I want to keep reflashing until 10:05, after 10:05 I got the tplus0_dt and stop to processing invalidaterLater().

Before 10:00, tplus0_dt doesn't exist, so I need to keep reflashing until 10:05. After 10:05, it is no need to refalsh, and when the tplus0_dt becomes very lage the invalidaterLater() will effects the displaying of table1, the screen and plots go GRAY every 1 seconds so it looks like the page is dead while the updating occurs.

So how can I do to stop processing the invalidateLater() and keep showing the data after 10:05? Thanks for help! My example code were below.

app <- shinyApp(
    server = function(input, output, session){
            get_tplus0_data <- reactive({
                    time <- substr(as.character(Sys.time()), 12, 16)
                    if(time >= "10:05"){
                            # tplus0_dt<-data.table(read.csv("/data/df_highest_after_signal.csv",header = T, sep = ",", stringsAsFactors = F)) 
                            tplus0_dt<- data.table(a = c(1, 2, 3, 4), b = c(3, 4, 5, 8)) 

            output$table1 <- renderTable({get_tplus0_data()})
    ui = fluidPage( tableOutput("table1")  )


How about you override the function to your needs?

If you enter invalidateLaterNew in the console, the code of the function will be printed.

To overwrite a function within a package this post will help: Override a function that is imported in a namespace

Then you will have to consider that the functions .getReactiveEnvironment() and timerCallbacks() are not accessible outside the namespace. But you can call them like this: shiny:::.getReactiveEnvironment()

Bring it together:

You add an additional parameter (e.g. update), which will enable you to stop the invalideLater() whenever you want.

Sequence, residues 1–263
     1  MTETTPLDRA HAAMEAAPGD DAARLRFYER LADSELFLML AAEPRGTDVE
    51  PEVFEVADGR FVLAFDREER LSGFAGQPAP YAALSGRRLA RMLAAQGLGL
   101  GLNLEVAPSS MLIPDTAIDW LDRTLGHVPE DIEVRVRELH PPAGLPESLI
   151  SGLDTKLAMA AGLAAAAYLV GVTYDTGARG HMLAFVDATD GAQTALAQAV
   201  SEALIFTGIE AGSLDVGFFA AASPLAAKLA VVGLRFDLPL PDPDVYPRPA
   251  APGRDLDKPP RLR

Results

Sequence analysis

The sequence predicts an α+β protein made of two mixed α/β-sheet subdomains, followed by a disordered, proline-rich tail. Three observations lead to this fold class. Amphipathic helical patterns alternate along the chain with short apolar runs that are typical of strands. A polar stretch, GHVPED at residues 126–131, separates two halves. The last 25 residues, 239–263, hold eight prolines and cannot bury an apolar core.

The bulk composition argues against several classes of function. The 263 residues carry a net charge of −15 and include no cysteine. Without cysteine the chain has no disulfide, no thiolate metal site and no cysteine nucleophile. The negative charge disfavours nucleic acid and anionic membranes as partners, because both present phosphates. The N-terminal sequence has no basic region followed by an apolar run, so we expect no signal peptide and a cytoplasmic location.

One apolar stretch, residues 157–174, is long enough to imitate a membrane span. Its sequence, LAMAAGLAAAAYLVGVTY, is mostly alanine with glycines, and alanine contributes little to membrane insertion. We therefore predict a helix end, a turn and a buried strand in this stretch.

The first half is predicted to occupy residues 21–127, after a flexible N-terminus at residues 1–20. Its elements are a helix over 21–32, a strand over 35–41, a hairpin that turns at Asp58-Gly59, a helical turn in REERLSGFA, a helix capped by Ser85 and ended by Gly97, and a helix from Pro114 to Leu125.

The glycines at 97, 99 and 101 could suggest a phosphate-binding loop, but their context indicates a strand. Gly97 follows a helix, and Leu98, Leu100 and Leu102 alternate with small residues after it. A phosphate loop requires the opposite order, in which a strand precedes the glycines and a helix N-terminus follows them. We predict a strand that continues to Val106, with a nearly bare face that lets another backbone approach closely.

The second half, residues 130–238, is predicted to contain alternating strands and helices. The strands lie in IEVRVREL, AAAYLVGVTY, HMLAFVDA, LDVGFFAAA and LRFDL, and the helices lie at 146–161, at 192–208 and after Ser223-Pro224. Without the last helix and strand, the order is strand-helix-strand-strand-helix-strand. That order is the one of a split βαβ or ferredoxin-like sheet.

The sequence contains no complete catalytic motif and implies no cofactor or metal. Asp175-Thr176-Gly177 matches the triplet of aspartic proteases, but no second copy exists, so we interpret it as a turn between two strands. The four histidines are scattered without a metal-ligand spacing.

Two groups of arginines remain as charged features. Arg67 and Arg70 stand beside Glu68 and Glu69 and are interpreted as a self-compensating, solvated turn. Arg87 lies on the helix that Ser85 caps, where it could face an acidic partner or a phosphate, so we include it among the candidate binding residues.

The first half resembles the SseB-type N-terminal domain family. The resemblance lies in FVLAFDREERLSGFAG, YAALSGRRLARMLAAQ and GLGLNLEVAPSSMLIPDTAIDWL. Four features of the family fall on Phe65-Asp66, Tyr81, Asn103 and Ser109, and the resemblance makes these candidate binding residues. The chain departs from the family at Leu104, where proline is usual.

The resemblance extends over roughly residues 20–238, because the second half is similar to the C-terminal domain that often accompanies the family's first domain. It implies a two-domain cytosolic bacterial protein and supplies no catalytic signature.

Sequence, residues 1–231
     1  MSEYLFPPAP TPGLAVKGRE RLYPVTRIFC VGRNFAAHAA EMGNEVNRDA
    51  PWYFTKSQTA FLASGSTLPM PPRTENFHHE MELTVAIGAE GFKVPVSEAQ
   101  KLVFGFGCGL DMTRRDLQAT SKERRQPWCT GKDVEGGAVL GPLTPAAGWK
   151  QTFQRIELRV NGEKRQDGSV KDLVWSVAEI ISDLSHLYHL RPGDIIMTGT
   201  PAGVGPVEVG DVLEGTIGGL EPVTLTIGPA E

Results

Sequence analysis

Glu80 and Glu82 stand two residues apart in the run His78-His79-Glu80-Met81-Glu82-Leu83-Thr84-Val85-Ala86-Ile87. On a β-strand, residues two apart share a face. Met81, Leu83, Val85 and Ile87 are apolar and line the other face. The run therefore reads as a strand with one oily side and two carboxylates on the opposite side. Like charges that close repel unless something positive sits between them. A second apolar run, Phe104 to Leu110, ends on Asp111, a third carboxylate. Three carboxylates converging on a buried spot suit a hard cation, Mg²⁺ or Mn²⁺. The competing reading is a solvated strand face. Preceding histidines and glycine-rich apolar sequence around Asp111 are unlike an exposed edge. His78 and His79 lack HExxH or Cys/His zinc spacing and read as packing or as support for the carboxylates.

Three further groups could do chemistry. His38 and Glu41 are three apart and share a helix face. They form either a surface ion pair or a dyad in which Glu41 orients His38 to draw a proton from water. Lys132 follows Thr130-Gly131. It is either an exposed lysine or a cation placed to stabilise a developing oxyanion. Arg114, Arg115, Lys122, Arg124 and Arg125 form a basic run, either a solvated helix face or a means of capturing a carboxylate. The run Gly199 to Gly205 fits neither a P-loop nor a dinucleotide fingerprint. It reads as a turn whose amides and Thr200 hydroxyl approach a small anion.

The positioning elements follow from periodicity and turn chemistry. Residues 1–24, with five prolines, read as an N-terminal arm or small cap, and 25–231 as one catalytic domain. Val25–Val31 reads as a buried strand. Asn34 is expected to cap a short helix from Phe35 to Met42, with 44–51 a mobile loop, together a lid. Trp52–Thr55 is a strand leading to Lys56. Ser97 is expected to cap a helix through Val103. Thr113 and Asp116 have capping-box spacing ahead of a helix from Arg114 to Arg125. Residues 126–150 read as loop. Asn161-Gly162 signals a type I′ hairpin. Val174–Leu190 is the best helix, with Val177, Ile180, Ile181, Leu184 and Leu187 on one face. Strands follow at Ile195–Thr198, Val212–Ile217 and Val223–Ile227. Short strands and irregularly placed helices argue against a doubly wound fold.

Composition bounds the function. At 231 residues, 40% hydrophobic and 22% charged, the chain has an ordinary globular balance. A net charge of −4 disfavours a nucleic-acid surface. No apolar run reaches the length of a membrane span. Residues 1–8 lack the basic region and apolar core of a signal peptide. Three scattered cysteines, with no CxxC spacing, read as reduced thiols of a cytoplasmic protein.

invalidateLaterNew <- function (millis, session = getDefaultReactiveDomain(), update = TRUE) 
    ctx <- shiny:::.getReactiveEnvironment()$currentContext()
    shiny:::timerCallbacks$schedule(millis, function() {
      if (!is.null(session) && session$isClosed()) {

unlockBinding("invalidateLater", as.environment("package:shiny"))
assign("invalidateLater", invalidateLaterNew, "package:shiny")


I used the example given in ?invalidateLater to demonstrate the effect: (invalidateLater will stop when input$nis bigger than 800. So you can adapt this example to your time restriction). I decided not to use your time restriction example as it wouldnt be that handy to test ;)

ui <- fluidPage(
  sliderInput("n", "Number of observations", 2, 1000, 500),

server <- function(input, output, session) {

    # Re-execute this reactive expression after 1000 milliseconds
    invalidateLater(1000, session, input$n < 800)
    # Do something each time this is invalidated.
    # The isolate() makes this observer _not_ get invalidated and re-executed
    # when input$n changes.
    print(paste("The value of input$n is", isolate(input$n)))

  # Generate a new histogram at timed intervals, but not when
  # input$n changes.
  output$plot <- renderPlot({
    # Re-execute this reactive expression after 2000 milliseconds
    invalidateLater(2000, session, input$n < 800)

shinyApp(ui, server)
  • if it is the correct solution feel free to upvote and click the grey arrow to accept the solution. Much appreciated! – BigDataScientist May 28 at 20:50

Although you'd never realize it from the Shiny documentation, invalidateLater() actually only returns to your reactive once. The reason it seems to return repeatedly is that on each trip the invalidateLater() function gets run again.

So the solution is to use a conditional around the function so that you don't keep repeatedly calling it:

if(runMeAgain) {

runMeAgain = TRUE   # your reactive re-runs every n milliseconds
runMeAgain = FALSE  # your reactive does not re-run

Also note that:

  • invalidateLater() is non-blocking (other code can run while you wait)
  • invalidateLater() doesn't stop the rest of the reactive from running. If you want to stop the reactive at that point in the code, put a return() after invalidateLater()
  • invalidateLater() gets isolated() inside an observeEvent() or eventReactive() and consequently doesn't work; you have to use observe() or reactive(). It might also work inside a render function, but I haven't ever had a reason to try that.

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